New Straits Times 7 Dec 13;

WARNING: Four states could face the brunt

A SECOND wave of floods is expected to hit the east coast in the third week of December, the Malaysian Meteorological Department said yesterday.

Its central forecast division director, Muhammad Helmi Abdullah, said there would be a series of heavy rainfall between the third week of December and February, next year.

He said the second wave of floods would likely hit Pahang, Terengganu, Kelantan and Johor.
The prolonged heavy rainfall, he said, would coincide with the presence of the full moon on Dec 17, which would result in unusually high tides.

"Heavy rainfall is common during the monsoon season, but it is the combination of high tides and strong winds that cause severe flooding in flood prone areas."

He advised the public to be on alert and keep themselves updated with the latest developments to ensure they were prepared.

National Security Council secretary Datuk Mohamed Thajudeen Abdul Wahab said alerts would be sent out to government agencies, non-governmental organisations (NGOs) and volunteers to be prepared for the second wave of floods.

"We have to prepare food supplies and other relief items."

Thajudeen said various NGOs and government agencies, including police, Rela and Civil Defence Department, would be notified to prepare the relief items, including dry food.

Meanwhile, Helmi said the second wave of floods would be caused by "monsoon surges" (strong bursts of cold air from Siberia).

"Cold air will flow out of Siberia towards the coastal waters of China before heading towards the peninsula.

"Winds from the Pacific will combine with the northeasterly winds, creating rain clouds which will bring about heavy rainfall."

He said there may be two more widespread flooding episodes in January and February next year due to heavy rainfall.

He said the east coast of Sabah and west and central Sarawak may be affected by the rainfall next year.

On the worsening flood situation every year, he said it was because of "extreme weather" conditions.

"We have not seen notable changes in the amount of rainfall in Malaysia. The more severe thunderstorms and rainfall these days could be due to climate change."

Helmi said the department would issue an advisory on the level of warning (yellow, orange or red) should there be prolonged heavy rainfall.

The yellow alert is to make people aware of the weather condition and to take preventive action.

The orange alert implies that floods are already occurring and to warn those in affected areas to prepare to act if the situation worsens.

The red alert is issued when there is severe weather and major floods.

Helmi added that these warnings were only based on the rainfall pattern and not on the severity of flood conditions.

He said there had been two episodes of heavy rainfall so far.

The first occurred between Nov 18 to 22 and the second ended on Thursday.

"After the first period of heavy rainfall, the river levels rose, leading to a yellow alert in Kelantan and Terengganu.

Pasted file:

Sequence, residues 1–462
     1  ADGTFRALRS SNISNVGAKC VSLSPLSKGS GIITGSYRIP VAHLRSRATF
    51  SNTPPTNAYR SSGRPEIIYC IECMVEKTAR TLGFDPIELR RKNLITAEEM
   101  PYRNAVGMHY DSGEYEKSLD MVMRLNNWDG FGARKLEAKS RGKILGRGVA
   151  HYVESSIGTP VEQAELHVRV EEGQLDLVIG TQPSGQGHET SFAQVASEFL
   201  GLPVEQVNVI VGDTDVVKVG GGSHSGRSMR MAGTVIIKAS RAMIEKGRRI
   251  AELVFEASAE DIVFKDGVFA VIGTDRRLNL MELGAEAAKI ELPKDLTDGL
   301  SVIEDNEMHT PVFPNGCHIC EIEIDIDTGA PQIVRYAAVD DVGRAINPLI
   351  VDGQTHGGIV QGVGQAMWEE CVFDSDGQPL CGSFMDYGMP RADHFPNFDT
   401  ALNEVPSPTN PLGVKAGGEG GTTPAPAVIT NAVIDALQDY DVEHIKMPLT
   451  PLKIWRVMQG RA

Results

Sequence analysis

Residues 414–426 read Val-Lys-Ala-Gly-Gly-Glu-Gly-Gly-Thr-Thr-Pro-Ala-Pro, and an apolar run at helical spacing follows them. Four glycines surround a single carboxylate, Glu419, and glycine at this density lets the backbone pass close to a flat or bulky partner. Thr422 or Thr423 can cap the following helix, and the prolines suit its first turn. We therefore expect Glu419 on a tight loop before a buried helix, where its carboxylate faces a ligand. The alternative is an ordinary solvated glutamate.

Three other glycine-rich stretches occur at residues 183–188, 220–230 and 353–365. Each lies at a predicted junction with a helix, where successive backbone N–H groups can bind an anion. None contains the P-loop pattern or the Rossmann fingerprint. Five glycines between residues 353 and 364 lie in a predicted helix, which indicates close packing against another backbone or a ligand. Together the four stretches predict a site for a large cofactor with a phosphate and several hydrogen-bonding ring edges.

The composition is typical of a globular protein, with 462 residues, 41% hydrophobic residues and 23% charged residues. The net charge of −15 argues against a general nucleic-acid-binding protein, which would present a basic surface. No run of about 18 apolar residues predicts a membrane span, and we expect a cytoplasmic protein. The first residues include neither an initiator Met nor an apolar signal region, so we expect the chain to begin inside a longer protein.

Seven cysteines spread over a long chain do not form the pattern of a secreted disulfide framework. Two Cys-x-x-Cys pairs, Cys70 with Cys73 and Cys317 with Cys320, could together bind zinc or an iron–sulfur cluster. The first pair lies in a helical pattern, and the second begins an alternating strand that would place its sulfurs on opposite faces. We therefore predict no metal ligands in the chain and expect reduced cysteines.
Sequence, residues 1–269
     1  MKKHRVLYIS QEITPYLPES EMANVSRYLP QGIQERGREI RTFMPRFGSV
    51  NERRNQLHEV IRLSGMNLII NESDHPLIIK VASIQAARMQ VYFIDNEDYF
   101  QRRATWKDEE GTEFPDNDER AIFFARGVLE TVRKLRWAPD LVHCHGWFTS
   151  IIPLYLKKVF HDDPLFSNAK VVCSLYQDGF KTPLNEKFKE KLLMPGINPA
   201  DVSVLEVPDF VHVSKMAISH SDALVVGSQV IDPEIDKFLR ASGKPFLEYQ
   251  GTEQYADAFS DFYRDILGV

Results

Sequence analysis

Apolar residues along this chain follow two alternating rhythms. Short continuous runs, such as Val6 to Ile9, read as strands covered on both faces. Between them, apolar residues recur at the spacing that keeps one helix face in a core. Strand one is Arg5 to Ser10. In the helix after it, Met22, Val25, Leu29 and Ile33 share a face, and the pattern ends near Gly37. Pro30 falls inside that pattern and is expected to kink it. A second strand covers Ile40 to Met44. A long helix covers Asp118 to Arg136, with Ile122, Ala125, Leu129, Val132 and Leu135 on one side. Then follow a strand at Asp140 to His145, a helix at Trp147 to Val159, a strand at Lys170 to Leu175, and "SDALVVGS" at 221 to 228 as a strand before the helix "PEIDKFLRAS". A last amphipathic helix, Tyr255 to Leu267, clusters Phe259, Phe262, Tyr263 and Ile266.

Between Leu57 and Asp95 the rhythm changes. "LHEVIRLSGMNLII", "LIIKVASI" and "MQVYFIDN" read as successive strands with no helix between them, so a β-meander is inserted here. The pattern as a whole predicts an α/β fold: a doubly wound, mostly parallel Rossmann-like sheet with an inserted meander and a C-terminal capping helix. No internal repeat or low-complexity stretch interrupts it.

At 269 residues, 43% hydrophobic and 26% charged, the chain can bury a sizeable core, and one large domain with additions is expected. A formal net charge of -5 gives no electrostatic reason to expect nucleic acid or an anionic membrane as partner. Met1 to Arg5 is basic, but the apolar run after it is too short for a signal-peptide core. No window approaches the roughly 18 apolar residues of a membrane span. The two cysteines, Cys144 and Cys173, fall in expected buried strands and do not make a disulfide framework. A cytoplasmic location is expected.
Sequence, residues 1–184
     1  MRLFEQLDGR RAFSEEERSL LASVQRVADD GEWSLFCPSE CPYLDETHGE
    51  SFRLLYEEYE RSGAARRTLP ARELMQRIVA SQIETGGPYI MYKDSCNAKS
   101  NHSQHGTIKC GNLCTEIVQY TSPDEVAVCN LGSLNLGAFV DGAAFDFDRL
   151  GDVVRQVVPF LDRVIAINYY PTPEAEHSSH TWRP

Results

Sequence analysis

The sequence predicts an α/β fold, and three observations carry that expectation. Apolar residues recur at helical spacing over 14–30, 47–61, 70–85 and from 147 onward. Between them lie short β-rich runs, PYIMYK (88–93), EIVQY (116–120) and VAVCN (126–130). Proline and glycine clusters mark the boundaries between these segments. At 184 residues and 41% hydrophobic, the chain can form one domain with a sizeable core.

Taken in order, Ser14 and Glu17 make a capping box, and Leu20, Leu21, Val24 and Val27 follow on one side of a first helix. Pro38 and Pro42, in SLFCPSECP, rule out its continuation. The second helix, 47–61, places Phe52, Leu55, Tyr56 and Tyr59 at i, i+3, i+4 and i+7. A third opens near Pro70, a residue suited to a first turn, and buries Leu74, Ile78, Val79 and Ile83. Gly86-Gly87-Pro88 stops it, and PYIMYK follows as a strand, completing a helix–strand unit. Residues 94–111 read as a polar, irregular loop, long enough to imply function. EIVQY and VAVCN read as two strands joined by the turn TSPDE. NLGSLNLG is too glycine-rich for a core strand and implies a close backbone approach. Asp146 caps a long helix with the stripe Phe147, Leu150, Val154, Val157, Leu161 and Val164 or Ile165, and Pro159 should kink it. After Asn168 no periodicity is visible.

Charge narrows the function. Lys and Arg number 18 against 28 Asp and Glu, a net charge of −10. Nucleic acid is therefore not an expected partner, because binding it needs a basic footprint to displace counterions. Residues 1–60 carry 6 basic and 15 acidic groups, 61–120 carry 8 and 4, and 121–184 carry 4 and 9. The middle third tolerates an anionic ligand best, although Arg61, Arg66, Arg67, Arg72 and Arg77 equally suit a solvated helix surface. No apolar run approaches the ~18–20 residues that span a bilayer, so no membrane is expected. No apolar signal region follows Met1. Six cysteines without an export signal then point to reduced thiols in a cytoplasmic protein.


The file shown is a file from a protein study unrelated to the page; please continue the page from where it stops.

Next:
"The second episode was quite severe because it occurred together with high tides."
He said there were many factors that caused floods.

"The first wave was due to the presence of a new moon, high tides and strong winds that pushed the sea water up to the shores.

"The strong northeasterly monsoon winds over the South China Sea pushed the sea water, causing it to rise to its highest level, covering much of the shore and into the river mouth and this caused the water to overflow."

This, together with high tides, worsened the condition as the water could not flow out into the river and sea, he added.

Flood situation getting worse
The Star 7 Dec 13;

KUALA TERENGGANU: The number of evacuees in the flood-hit states is continuing to rise as the flood situation continues to worsen.

In Terengganu, the number of flood evacuees rose to 7,337 yesterday evening with Dungun registering the biggest increase among the districts.

Up to 4,340 people have been evacuated in Dungun, from 2,668 in the morning. The National Security Council (MKN) portal reported that Kemaman also registered an increase of over 100 evacuees to 2,472.

The number of evacuees dropped in the districts of Marang and Hulu Terengganu to 42 (from 63) in Marang and 483 (844) in Hulu Terengganu.

The portal said the floods in Besut and Setiu districts receded completely and all the evacuees were allowed to return to their homes yesterday.

Three people have been confirmed drowned in Pahang even as the number of flood evacuees began to drop.

The bodies of Pekan Umno committee member Jamali Jani, 45, and his son, Mohd Nazli, 17, were found yesterday after they went missing on Wednesday when they fell into the floodwaters in Sungai Isap.

Mohamed Alif Khalid, 21, drowned on Wednesday while fishing alone at Sungai Kampung Sepial in Kuala Tembeling, Jerantut.

A spokesman of the Pahang police flood operations room said the number of evacuees had dropped to 32,808 from 34,235 in the morning.

He said the evacuees were from eight districts, namely Kuantan, Pekan, Rompin, Maran, Jerantut, Lipis, Temerloh and Bera.

Kuantan district continues to have the highest number of evacuees, at 27,385, who are being housed at 48 relief centres.

The spokesman said Rompin district had 1,167 evacuees at 14 relief centres; Pekan, 3,218 at 18 centres; Maran, 49 at two centres; Jerantut, 472 at 11 centres; Lipis, 33 at two centres; Temerloh, 419 at five centres and Bera, 65 at five centres.